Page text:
Reviewed by Timothy Niedermann
Rawi Hage’s fourth novel, Beirut Hellfire Society, takes us back to Beirut, Lebanon, the setting for his first novel, the award-winning De Niro’s Game, and where Hage himself grew up. It is 1978, and Lebanon is immersed in a sectarian civil war. Groups of armed militias—Maronite Christians, Sunni Muslims, Shia Muslims, Druze, Palestinians—clash back and forth killing each other and civilians alike. It is a time of death, plain and simple.
Pavlov (the name is actually a nickname, but it’s the only name he uses) works for his father, an undertaker. Business is good. His father painstakingly prepares the bodies for burial, applying make-up, dressing them well, tying their shoes, making them presentable for the hereafter. But the idea of burial in the ground is something he doesn’t like, in fact. His true spiritual side comes out when he and Pavlov drive to an isolated house in the hills to cremate those whose bodies were left in the street, unclaimed, or otherwise deemed unfit for a Christian burial. Pavlov’s father cremates the bodies in an oven he has built, and then celebrates—drinking, dancing, and singing for hours—until finally pouring the ashes into the wind, where they are carried down the slope of the hill into the valley below and oblivion.
Pavlov is an avid reader, particularly of the philosophy and literature of ancient Greece. When Pavlov’s father dies, Pavlov’s disagreeable uncles take over the funeral parlour, and Pavlov leaves the day-to-day business, helping them only on occasion. Apart from sleeping late and reading, Pavlov spends a great deal of time standing at the window smoking, watching the funeral processions pass by to the cemetery across the street. The processions move slowly when there are no bombs dropping in the city, fast when they are. The funerals for young fighters are loud and boisterous, those for the elderly and the innocent, sombre and quiet.
He soon is approached by a man calling himself El-Marquis, who knew his father. He is the leader of a group calling itself “The Beirut Hellfire Society.” These people are extreme libertines, people who revel in the excesses of the flesh, living life to its pleasurable fullest. They are, of course, not in good graces with the local Christian priests. Pavlov is asked to be available to bury members when they die.
Pavlov is an observer. He practices no religion and does not take sides in the conflict. The dead are the dead. From his window looking out over the street and the cemetery, he reflects on the nature of death, the futility of life. His ruminations are odd and more than a little otherworldly as he reflects on death, the people’s ways of observing it and the relationship of humans to the earth they are buried in. The novel comes across as a series of loosely connected vignettes. Time progresses erratically. Weeks and months pass when nothing happens apart from the numbing routines of war, death, and funerals. Slowly, though Pavlov begins to interact more with others—the insane woman on his doorstep, a Spanish photographer who wants to take pictures of falling bombs, a murderous militiaman, a prostitute, his sister who lives in the hills with her husband and daughter. Each comes into his life then goes out. Some return, others don’t. And Pavlov continues to observe. He talks to himself and has conversations with dogs, both alive and dead.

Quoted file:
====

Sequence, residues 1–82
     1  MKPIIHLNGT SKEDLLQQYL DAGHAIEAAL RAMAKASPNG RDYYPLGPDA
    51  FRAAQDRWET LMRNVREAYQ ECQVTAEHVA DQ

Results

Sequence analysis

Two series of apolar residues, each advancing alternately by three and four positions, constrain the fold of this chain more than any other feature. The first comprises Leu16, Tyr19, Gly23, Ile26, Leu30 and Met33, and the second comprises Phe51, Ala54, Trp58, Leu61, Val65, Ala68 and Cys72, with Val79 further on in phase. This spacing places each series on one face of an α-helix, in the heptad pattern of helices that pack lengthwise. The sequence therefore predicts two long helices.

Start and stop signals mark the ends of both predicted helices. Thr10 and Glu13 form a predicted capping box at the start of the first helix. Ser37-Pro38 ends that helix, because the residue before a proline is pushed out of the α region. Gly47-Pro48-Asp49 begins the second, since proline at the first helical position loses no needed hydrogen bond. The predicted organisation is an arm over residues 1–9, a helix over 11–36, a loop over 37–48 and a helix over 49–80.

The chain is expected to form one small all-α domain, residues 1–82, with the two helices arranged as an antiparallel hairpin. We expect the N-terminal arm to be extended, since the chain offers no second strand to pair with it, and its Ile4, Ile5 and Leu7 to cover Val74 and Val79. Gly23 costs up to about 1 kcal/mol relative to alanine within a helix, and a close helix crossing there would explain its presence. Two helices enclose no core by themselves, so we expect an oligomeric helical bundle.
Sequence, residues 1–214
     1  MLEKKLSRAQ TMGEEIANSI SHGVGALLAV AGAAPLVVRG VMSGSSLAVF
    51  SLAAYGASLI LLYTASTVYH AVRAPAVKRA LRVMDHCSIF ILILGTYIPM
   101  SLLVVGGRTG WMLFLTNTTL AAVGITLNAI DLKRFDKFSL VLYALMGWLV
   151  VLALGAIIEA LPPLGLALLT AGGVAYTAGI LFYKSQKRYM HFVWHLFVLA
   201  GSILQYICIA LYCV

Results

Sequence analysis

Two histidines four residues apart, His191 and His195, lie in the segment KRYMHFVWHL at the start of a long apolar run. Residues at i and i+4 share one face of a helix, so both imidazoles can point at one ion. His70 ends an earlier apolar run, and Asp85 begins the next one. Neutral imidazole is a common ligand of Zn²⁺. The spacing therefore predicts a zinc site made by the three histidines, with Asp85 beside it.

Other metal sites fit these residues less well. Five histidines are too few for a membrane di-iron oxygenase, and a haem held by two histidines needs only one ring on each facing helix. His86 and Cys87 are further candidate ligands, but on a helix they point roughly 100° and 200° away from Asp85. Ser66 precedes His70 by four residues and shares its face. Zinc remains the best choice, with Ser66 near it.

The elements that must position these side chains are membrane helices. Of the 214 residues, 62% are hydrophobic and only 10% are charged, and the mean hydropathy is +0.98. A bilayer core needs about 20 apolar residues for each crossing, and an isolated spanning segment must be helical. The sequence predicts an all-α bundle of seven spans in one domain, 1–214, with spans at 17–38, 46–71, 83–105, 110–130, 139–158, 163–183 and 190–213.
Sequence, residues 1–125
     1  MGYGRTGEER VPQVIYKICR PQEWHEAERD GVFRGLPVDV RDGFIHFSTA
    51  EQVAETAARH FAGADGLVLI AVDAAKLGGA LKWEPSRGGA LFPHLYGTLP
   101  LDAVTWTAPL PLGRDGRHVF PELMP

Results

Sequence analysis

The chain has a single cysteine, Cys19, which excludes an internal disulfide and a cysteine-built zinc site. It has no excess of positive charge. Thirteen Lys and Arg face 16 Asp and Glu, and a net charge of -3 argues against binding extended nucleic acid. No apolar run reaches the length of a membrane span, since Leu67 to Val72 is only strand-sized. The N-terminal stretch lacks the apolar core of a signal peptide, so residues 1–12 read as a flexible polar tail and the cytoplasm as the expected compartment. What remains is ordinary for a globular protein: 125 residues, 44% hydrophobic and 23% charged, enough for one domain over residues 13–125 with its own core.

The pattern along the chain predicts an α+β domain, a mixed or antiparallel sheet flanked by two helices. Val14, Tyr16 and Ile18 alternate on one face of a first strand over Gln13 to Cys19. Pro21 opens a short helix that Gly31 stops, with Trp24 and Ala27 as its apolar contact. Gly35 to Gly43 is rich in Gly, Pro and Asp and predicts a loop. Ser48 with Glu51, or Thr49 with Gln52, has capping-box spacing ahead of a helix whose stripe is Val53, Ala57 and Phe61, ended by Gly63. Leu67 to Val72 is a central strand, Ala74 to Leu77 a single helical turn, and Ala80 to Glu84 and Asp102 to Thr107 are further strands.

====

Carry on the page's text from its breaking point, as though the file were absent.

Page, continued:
Pavlov’s aloofness, his aesthetic focus on death, begins to show cracks as the human side of suffering becomes more personal and he starts to confront the suffering around him instead of merely observing it from afar.
Hage is nothing if not a very intriguing, articulate writer who is not afraid of taking risks. His Beirut comes across as something out of a Hieronymus Bosch painting of Hell—wild and disturbing, containing a wide variety of tortured souls and any number ways to make them suffer. Pavlov’s meandering thoughts are complex and fascinating. In Beirut Hellfire Society, Hage has produced a unique, thought-provoking, and compelling novel.
As often happens, there are some errors in the book. Most are very minor, but there is one major howler that many readers will immediately pick up on. A little over halfway through the book Pavlov observes a man “panting heavily like Marathon, that famous Athenian, racing towards his own death to deliver news of victory.” Anyone who learned about ancient Greece in grammar school knows that this is wrong. The man’s name was Pheidippides (or Phillippides), and he ran from the plain of Marathon to Athens to announce the Athenian victory over the Persians. The Olympic marathon event is based on the distance between Marathon and Athens. Luckily this error is quickly forgotten as the pace picks up and Pavlov’s world becomes more compelling. But it is still very disappointing, especially coming from someone who claims to revere ancient Greece so much.
Beirut Hellfire Society is published by Knopf Canada.